Ghosts of gay-bashing

I’ve let this story percolate for a little while. Still, the story of the three NorCal cousins accused of shooting a man they believed to be gay with a BB gun has gotten only touch-and-go coverage, mainly from the San Francisco Chronicle and the Associated Press.

In multiple reports that the men allegedly video taped more BB-gun attacks, there has been no discussion of the men’s religion. Religion may be relevant because, you know, there are a few belief systems out there that might motivate such an attack.

From the Chronicle‘s first report:

Three cousins from Hayward have been charged in San Francisco with a hate crime and assault for allegedly firing a BB rifle at the face of a man they believed was gay, an attack the men videotaped, authorities said Wednesday.

Mohammad Habibzada, Shafiq Hashemi and Sayed Bassam, all 24, are scheduled to be arraigned today in San Francisco Superior Court. They are free on $50,000 bond apiece.

And a follow-up Friday from the AP:

Really, there’s nothing to share from that report, except that the men are considered suspects in 11 similar shootings.

Of course, bloggers are speculating that these men are Muslim and that that’s why they’re getting the free pass:

Imagine, if you will, that the BB gun attackers had been white. Or from Utah. Or from Texas. Or Laramie, Wyoming. What kind of wild adjectives would have been applied? We can only surmise. Editorializing against mainstream Americans who are now out-of-favor by the media (whites, Catholics, evangelicals, Mormons, conservatives) happens everyday on America’s front pages and network news programs. But when it comes to Arab/Muslim attackers — all silence is golden for the American media.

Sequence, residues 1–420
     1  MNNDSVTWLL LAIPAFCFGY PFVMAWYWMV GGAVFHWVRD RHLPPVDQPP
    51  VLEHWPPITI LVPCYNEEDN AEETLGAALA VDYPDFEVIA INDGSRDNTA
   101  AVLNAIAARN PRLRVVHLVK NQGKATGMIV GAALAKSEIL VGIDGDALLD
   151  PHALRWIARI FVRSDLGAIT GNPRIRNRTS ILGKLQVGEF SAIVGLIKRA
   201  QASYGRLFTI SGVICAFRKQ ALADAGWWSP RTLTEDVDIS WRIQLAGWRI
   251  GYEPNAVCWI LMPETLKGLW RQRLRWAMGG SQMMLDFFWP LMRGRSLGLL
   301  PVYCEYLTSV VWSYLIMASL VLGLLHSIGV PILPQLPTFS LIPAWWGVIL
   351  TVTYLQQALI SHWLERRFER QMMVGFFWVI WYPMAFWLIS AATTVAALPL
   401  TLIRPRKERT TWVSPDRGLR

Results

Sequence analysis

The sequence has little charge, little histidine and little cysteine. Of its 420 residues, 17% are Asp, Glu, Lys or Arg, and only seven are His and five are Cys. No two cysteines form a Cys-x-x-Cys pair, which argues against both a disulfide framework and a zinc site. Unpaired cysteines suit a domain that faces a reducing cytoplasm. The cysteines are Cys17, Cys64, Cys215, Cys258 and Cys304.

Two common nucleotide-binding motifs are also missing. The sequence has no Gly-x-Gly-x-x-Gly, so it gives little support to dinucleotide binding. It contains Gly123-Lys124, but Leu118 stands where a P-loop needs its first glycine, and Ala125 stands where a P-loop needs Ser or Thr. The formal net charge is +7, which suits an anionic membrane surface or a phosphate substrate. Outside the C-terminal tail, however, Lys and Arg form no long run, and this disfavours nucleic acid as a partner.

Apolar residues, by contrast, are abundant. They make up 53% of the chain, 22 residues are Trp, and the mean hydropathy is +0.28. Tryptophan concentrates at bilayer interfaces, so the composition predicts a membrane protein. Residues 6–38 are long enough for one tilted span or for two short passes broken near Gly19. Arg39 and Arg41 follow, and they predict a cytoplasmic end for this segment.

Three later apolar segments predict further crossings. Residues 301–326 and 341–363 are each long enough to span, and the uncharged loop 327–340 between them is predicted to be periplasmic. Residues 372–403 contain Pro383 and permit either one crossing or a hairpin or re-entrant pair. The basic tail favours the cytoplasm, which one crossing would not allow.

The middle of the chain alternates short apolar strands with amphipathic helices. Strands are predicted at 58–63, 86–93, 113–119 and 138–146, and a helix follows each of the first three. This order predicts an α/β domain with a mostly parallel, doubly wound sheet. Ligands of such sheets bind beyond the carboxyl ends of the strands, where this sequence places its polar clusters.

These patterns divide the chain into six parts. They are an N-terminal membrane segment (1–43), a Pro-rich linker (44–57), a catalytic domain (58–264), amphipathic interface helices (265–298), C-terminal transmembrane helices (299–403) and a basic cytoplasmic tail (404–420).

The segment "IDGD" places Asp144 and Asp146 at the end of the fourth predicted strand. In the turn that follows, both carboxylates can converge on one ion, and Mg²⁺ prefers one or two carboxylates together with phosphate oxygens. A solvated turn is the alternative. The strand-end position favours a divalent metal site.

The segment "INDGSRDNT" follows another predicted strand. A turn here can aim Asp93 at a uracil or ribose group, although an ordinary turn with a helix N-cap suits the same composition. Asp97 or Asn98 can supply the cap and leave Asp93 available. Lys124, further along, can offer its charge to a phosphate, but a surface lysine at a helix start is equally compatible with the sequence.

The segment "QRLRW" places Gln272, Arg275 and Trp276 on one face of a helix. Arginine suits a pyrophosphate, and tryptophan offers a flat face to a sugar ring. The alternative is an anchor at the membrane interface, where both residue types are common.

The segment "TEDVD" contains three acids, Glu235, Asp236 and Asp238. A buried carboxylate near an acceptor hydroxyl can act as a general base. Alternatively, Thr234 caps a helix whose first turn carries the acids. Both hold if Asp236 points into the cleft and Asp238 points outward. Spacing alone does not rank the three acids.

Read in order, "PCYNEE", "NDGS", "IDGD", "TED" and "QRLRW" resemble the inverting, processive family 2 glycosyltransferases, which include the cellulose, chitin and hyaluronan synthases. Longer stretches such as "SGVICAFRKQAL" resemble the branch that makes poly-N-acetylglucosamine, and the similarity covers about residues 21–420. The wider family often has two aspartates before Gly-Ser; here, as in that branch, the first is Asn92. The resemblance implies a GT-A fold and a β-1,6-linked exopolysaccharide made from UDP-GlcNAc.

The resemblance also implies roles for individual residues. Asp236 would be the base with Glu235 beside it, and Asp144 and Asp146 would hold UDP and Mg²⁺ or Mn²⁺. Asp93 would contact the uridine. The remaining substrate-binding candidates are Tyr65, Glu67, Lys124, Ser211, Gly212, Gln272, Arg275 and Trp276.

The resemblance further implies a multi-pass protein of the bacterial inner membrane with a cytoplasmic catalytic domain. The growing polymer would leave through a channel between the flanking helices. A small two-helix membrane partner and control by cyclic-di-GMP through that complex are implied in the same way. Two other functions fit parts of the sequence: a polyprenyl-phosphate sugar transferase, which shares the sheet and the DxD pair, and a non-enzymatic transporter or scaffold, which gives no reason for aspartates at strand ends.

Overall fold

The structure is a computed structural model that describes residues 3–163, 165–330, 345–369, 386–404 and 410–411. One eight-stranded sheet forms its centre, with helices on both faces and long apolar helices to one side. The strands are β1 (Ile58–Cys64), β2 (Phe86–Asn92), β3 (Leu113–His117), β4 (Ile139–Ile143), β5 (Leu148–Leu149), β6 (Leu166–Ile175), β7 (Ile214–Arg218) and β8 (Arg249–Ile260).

That’s from Bruce Carroll Big Journalism. These men could, of course, be Christian. But Carroll’s general premise about media treatment is accurate. Reporters are often quick to identify as intolerant fanatics many Christian strains but are more reticent to do so when it comes to domestic members of religious minorities. (This doesn’t necessarily hold when talking and foreign members of the same religious groups.) Over at Beliefnet, Rod Dreher provides a more sober discussion of the “dark side of minority religions.” He begins with another Carroll report regarding a Muslim adjunct faculty member at Vanderbilt University agreeing at a public forum that Islam requires the death penalty for homosexuals:

The Muslim, a chaplain at the university, also said that Muslims aren’t at liberty to question this teaching. In his rather vituperative blog entry, Carroll talks about how a statement like this would have been covered by the MSM and in the blogosphere if it had been made by an Evangelical Christian.

I know what he means. When I lived in Dallas, I ran across this kind of thing with some frequency. It used to drive me crazy how journalists at my own newspaper, and at other media outlets in Dallas, showed little or no interest when leading Muslim figures would say things this outrageous, or affiliate themselves closely with those in their faith who did. If influential Christians in the community had said such things, they would have been ripped, and would have deserved it. But the media have a strong tendency to want to protect minority religions, I find. Moreover, some in the media get caught up in a ridiculous form of zero-sum thinking, assuming that if right-wing Christians are up in arms over what certain Muslims say, then maybe the Muslims aren’t all wrong. It’s seeing the complexities of our religious reality through a culture-war prism, and it’s really distorting.

Which brings us back to the original and now lingering question: What role, if any, did religion play in the anti-gay BB-gun attack?